Buying stocks on margin has been especially popular among investors who have seen the price of shares they own increase sharply and who want to take advantage of those profits without selling their stock.
For example, someone who bought 100 shares of stock at $100 a share and then saw that stock double in price would have $10,000 in profits that could be used as collateral for further purchases. Without risking the initial investment, he could use the $10,000 profit as a margin deposit and buy an additional $20,000 worth of stock without putting up cash.
A more aggressive margin buyer might buy the first $10,000 worth of stock on margin, putting up only $5,000 cash. If the price then doubled, the account would have $15,000 in equity -- the initial $5,000 plus the $10,000 profits. The $15,000 equity could be used as margin on $30,000 worth of stocks, purchased with only $5,000 in cash.
But just as margin buying leverages investors' profits when prices are rising, it tilts the table sharply against them when prices begin to fall. Losses wipe out the investors' equity first, leaving margin calls to be met and margin loans to be repaid -- as many investors have learned in the last two weeks.
Take the example of the investor who bought 100 shares at $100 with a $5,000 down payment, and decided to leverage the investment still further after the stock doubled in price to $200 a share. Before the market crash, this hypothetical investor held $30,000 worth of stock -- 150 shares at $200 apiece. Only $5,000 cash was in the brokerage account, another $10,000 was the equity resulting from the initial price run-up and the remaining $15,000 was margin debt.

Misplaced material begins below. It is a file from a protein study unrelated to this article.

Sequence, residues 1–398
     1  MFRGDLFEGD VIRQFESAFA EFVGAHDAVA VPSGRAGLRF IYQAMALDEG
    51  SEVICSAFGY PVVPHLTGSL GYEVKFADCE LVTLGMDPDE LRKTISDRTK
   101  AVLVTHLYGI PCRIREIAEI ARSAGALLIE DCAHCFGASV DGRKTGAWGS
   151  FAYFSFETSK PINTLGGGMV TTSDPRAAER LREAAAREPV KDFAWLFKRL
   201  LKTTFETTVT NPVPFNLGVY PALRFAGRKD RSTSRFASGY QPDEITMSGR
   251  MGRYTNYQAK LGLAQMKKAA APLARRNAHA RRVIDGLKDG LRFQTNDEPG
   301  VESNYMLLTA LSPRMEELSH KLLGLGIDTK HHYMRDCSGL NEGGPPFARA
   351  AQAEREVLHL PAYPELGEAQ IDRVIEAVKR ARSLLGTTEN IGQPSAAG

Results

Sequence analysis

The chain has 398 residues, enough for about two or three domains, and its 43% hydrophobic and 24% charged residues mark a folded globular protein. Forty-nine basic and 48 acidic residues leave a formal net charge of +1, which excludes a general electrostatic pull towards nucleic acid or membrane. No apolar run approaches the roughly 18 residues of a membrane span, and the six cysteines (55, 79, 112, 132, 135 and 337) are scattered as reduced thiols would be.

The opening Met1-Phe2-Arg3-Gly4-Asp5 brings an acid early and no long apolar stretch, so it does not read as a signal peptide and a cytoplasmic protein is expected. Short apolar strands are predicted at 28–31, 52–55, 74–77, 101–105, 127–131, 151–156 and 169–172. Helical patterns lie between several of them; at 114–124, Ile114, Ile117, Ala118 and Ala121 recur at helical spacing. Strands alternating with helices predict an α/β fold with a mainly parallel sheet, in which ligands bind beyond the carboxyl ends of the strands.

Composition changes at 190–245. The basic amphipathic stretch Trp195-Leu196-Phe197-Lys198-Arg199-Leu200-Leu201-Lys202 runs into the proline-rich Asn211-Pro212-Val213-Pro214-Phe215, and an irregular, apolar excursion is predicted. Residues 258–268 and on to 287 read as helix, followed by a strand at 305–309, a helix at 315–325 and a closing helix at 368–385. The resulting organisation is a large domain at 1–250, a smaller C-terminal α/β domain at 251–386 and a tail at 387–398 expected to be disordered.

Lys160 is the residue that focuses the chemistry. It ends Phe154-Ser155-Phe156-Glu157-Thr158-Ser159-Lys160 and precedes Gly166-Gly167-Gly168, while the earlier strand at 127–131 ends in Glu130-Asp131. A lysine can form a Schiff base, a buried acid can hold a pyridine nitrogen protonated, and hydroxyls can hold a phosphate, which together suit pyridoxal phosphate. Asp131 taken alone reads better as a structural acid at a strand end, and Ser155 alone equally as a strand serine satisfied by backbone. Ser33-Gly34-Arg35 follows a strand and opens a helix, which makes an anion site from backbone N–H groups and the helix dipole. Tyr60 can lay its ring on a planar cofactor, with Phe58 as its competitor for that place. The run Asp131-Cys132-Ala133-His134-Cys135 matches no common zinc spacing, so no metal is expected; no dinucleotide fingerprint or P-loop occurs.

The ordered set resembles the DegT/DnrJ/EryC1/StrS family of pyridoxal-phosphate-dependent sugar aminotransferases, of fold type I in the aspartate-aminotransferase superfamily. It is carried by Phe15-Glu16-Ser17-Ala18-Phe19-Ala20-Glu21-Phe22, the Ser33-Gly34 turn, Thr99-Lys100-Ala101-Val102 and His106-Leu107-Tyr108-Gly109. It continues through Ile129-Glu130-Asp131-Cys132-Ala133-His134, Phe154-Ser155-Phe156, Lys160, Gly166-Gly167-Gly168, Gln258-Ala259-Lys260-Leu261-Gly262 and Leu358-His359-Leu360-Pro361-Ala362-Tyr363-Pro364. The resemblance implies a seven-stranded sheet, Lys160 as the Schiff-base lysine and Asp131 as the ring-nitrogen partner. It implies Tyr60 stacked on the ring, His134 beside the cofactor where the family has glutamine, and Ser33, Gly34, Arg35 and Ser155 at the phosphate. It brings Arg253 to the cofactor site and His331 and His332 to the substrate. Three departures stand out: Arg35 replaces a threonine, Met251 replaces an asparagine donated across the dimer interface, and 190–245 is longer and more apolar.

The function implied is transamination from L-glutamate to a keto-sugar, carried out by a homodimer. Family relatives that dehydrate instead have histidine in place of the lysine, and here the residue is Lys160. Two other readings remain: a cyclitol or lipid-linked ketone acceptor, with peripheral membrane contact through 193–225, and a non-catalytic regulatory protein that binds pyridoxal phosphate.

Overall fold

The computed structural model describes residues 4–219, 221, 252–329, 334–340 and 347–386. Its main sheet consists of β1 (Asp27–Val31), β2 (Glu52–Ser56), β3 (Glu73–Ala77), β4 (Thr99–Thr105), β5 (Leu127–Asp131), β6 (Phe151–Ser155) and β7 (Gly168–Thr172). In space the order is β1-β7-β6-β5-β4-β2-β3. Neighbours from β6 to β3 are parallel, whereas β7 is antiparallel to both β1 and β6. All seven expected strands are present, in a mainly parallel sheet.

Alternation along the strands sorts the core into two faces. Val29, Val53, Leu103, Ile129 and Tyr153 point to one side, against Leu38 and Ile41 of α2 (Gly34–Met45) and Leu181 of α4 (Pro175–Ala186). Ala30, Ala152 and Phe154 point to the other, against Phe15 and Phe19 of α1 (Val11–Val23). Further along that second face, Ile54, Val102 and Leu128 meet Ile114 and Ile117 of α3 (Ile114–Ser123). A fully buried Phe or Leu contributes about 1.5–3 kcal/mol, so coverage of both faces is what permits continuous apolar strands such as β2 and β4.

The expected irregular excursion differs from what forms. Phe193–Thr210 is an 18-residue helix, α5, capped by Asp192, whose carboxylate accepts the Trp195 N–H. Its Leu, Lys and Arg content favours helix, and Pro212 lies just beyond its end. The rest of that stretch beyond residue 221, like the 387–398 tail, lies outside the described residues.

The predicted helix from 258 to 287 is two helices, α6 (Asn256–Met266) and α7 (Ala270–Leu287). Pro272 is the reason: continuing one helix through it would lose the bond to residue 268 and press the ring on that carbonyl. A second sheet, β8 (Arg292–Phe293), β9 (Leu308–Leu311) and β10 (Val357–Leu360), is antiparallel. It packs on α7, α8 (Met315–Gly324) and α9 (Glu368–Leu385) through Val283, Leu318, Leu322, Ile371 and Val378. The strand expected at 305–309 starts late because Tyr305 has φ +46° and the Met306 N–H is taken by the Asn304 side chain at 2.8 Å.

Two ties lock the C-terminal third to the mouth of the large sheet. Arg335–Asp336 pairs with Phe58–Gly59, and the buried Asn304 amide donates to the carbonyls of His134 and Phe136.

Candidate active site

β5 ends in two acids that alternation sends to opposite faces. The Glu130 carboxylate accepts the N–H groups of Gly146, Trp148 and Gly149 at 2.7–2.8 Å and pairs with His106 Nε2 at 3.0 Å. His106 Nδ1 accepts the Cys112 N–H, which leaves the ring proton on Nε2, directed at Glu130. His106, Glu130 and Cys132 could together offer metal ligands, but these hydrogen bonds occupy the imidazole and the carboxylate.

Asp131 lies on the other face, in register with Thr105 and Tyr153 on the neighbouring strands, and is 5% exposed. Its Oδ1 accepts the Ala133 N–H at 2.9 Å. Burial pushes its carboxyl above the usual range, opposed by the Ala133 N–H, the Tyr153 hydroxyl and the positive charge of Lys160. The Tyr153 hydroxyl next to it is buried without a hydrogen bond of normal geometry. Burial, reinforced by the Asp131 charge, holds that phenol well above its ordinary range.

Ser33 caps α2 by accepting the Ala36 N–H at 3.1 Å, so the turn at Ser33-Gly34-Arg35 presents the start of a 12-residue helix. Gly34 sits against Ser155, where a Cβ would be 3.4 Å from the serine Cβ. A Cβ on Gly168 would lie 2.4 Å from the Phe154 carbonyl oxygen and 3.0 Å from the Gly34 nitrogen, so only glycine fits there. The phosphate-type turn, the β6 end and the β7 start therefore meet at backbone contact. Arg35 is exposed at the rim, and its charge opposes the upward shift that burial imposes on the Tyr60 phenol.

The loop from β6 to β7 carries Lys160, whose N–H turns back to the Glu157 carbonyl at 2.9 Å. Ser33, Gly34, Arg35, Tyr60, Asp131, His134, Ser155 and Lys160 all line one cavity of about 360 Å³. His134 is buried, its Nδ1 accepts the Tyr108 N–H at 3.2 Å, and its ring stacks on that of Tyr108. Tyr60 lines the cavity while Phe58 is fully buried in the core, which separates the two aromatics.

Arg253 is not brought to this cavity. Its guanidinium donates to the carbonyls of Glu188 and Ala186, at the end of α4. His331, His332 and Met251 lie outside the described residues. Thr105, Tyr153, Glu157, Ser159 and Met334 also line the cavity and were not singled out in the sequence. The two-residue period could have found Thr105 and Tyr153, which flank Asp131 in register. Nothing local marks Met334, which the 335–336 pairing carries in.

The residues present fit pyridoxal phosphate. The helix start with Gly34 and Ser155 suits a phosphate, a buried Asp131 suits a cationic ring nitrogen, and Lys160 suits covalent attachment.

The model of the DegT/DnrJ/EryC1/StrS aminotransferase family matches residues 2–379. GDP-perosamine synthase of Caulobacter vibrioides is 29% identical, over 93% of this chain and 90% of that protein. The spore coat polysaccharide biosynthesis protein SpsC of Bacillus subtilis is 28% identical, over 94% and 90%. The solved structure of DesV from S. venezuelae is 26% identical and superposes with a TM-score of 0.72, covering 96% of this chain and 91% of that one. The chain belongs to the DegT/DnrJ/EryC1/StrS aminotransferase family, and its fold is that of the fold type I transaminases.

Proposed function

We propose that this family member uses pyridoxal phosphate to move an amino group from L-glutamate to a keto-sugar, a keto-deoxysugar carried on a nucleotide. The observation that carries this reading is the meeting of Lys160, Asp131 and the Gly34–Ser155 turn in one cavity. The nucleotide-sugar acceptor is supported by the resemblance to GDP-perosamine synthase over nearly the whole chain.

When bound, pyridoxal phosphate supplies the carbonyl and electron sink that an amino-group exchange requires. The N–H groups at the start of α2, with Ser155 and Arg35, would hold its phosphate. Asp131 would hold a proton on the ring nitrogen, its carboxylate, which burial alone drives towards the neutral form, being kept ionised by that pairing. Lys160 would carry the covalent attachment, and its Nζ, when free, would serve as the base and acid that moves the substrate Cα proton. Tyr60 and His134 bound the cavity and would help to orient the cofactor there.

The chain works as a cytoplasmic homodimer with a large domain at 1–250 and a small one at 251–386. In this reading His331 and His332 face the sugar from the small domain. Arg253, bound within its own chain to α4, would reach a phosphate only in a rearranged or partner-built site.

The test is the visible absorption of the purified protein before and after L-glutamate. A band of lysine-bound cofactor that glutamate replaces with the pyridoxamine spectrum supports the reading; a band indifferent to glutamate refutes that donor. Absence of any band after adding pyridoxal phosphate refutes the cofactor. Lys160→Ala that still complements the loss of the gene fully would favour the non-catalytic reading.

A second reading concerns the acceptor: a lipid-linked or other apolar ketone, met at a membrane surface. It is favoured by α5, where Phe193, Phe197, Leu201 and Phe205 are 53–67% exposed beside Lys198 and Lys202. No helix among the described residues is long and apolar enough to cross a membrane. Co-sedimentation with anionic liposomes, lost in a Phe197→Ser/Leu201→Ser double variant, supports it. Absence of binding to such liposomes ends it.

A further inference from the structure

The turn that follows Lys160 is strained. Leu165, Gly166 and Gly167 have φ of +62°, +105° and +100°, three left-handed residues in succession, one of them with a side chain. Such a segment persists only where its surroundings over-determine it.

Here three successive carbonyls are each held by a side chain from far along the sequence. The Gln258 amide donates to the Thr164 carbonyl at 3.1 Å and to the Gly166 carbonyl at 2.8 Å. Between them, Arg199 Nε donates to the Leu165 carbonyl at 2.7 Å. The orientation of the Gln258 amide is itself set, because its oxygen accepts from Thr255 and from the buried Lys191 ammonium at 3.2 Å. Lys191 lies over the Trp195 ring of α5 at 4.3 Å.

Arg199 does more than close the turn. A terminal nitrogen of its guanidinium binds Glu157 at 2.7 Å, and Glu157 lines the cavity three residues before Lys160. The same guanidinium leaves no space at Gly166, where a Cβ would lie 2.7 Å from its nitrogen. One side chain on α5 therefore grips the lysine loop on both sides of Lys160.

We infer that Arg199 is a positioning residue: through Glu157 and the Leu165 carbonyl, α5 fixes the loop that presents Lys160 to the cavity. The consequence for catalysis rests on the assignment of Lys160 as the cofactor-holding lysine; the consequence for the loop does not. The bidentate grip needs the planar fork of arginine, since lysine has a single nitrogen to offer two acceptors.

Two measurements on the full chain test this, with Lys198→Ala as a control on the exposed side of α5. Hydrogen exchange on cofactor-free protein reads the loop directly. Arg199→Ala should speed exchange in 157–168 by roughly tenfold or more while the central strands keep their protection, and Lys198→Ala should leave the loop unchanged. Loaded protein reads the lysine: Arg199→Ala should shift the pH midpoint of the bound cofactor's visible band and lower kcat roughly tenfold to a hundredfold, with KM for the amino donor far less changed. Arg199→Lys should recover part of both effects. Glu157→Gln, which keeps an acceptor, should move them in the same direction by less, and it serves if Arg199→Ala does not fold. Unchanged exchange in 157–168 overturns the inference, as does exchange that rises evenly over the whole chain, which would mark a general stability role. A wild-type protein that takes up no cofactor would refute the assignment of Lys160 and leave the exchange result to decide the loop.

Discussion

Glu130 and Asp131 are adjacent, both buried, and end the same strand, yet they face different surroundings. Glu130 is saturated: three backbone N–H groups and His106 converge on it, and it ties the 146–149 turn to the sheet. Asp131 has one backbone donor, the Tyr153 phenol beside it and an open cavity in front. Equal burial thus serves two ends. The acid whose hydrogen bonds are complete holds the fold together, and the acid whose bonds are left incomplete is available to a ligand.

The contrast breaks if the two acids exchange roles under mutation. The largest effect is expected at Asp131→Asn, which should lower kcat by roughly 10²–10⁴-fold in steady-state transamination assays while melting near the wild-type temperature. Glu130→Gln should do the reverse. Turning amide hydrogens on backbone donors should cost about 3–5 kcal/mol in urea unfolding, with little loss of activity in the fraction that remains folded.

When the market collapsed Oct. 19, the stock dove to $125 a share, reducing its value to $18,750. That night, the broker was on the phone with a margin call.
After deducting the $15,000 borrowed from the broker, the day's plunge had left the investor with only $3,750 equity in the account. (The Federal Reserve's 50 percent margin requirement only applies to the initial purchase of stock. After that, "maintenance margin" requirements are set by stock exchanges and brokerage houses. Though most brokers require 30 percent maintenance margin or more, the minimum permitted by exchanges is 25 percent.)
In this case, the customer falls short; 25 percent of the value of the stock after the crash would be $4,687.50. The customer has three days to come up with another $937.50 or the broker will sell enough stock to meet the margin call.
Selling stock to meet margin calls can be very costly, because it is heavily mortgaged. When a customer's margin has dropped to the 25 percent minimum, three quarters of the value of each share belongs to the broker.
Here's what happens: The customer owns 100 shares worth $100 a share for a $10,000 investment, but losses have driven the equity down to the 25 percent minimum. When the shares are sold, the broker takes the first $7,500 to pay off the margin loan, leaving the customer only $2,500 to bail out other stocks.